Reflecting on Pants

            In the beginning of this semester, I wrote a blog post about an epigraph in our course syllabus. The epigraph was a screenshot of a tweet; a picture of pants simply entitled “Suspicious pants.” My original post about the pants was all about perception and how by digging deeper into something, one can always bring out more information. However, not everybody will notice the same things that other people notice. When I looked at the pants, I saw a face looking back at me, but other people might just see pants; just as Percival Everett says, “It’s incredible that a sentence is ever understood”. This is a quote that was on the whiteboard on the first day of classes. I will be using the epigraph of the pants in this essay as well, for it explains the way that my writing developed throughout the semester.

            The class work really began when we read The Bacchae, an old Greek play by the playwright Euripides. I treated this book exactly how I would treat any book in the beginning of the semester. I read it one time through and went to class as if that was enough to prepare me for a discussion. During the discussion, I interjected with maybe one idea. Obviously, since I only read it through once, mostly due to procrastination and time limits, most of the class discussion was handled by other students in the class. After The Bacchae, we went on to read our first work from Percival Everett, Frenzy. During this reading, I am not proud to say it, or rather write it, but I handled it the same way I handled The Bacchae; I read it one time through and acted like that was enough for me to have an in depth discussion about the novel. Again, I was wrong, because I only interjected with one or two minor ideas while the rest of the class carried the discussion. If this book was the pants tweet, it would be as if I glanced at the picture for maybe a few seconds, and then decided I was ready for a discussion without even seeing a face. After this, I decided to get a little bit more serious about how I read things for class.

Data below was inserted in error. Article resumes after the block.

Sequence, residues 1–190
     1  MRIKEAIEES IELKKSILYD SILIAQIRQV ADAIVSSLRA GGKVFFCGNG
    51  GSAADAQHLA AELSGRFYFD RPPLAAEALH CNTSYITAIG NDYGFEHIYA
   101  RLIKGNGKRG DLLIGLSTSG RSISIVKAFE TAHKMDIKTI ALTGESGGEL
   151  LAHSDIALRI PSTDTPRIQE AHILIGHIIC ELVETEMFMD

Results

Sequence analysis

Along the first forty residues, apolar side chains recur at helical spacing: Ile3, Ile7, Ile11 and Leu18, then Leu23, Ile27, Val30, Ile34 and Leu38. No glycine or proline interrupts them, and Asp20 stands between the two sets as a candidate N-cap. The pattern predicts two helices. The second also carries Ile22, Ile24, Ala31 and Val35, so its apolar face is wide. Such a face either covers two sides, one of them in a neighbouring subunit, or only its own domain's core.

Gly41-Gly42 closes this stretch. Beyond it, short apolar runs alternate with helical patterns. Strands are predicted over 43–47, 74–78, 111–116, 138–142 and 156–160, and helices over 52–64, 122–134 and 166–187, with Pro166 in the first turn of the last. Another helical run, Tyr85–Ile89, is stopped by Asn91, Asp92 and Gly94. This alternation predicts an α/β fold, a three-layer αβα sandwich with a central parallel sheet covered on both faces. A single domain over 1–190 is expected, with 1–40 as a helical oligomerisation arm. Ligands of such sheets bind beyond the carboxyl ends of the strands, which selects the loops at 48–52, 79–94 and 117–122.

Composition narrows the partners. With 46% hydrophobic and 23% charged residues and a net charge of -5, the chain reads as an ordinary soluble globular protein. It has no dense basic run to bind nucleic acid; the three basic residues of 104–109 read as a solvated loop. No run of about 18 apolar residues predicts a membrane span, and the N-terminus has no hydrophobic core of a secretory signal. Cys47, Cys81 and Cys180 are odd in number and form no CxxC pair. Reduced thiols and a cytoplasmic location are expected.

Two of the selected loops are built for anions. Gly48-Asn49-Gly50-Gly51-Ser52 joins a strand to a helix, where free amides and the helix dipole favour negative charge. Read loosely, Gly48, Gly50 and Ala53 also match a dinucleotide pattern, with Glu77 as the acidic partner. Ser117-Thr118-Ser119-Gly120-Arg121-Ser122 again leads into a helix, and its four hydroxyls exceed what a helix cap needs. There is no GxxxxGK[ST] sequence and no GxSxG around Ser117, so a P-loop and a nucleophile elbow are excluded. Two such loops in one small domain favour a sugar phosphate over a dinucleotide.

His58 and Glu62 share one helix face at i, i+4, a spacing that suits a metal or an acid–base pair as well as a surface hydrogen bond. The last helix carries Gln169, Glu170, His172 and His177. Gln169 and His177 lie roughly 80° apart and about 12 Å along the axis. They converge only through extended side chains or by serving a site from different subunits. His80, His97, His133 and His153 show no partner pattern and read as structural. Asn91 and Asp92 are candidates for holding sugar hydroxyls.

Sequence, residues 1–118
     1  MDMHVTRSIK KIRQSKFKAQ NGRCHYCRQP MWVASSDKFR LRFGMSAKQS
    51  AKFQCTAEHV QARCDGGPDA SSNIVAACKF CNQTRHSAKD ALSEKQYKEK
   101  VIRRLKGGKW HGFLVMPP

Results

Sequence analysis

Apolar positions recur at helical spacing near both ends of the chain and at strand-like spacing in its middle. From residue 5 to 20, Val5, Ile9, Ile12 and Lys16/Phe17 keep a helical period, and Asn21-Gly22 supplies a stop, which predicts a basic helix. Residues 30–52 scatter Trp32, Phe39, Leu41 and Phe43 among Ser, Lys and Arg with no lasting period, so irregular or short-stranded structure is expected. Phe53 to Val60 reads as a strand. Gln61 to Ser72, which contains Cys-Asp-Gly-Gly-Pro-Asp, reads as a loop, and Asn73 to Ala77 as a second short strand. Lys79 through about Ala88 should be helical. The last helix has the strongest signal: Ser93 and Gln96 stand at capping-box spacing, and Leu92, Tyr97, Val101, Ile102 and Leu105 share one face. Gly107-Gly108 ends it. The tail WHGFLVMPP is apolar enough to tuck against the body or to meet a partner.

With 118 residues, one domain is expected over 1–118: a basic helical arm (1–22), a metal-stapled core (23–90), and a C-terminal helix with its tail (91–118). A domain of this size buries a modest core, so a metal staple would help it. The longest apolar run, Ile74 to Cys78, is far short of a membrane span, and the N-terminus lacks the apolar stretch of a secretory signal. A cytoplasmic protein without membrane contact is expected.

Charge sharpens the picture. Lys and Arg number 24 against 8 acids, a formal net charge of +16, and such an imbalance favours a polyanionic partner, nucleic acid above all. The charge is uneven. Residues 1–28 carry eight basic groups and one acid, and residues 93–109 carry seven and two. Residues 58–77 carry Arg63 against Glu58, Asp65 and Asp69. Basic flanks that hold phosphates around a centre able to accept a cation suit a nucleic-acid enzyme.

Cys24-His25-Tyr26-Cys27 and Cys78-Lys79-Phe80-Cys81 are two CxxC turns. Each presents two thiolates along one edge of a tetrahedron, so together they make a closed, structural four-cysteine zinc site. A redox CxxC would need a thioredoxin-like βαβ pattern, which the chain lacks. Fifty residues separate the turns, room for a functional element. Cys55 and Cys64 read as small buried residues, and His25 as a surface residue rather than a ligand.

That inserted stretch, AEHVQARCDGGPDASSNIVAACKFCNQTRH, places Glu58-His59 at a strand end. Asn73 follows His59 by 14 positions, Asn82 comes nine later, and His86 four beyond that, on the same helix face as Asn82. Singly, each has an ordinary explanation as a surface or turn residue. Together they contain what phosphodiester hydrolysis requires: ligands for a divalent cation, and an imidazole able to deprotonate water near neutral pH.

After Frenzy, we moved onto Percival Everett’s novel, I am Not Sidney Poitier. This time, I made sure that I knew what was going on in the book. As I read through the novel, I left notes in the pages. Whenever I found something that seems interesting, confusing, or important to the plot, I left a post it note right next to the line. This way, during the group discussions, I would have more to say. For example, when Not Sidney gets a girlfriend who has much lighter skin than him, and she wants him to meet his parents, I left a note that said, “He’s darker than her, will meeting the parents be uncomfortable?”. This way, if I need to write anything about any race themes in the book, I know where to look. I also set myself up a question, so I can know what to look for in the following chapter. In addition, I will have something to contribute towards the discussion. The more I say, the more I understand, and then the more I understand, the more I learn. Halfway through reading this, I remembered the pants; a regular pair of pants hung on a chair that if you keep looking at, becomes a face. The same goes for the novel. There are certain sections of the novel that I found very confusing, like the ending, or when he fesmerizes people. I would reread any confusing parts like those so I can make better sense of them. If I can see a face by looking at pants long enough, I can find information by rereading a confusing text. Maybe, I can even bring up a point in the discussion that nobody else found. Sadly, I didn’t find anything that anyone else didn’t find, but it still made me more prepared for the class discussion.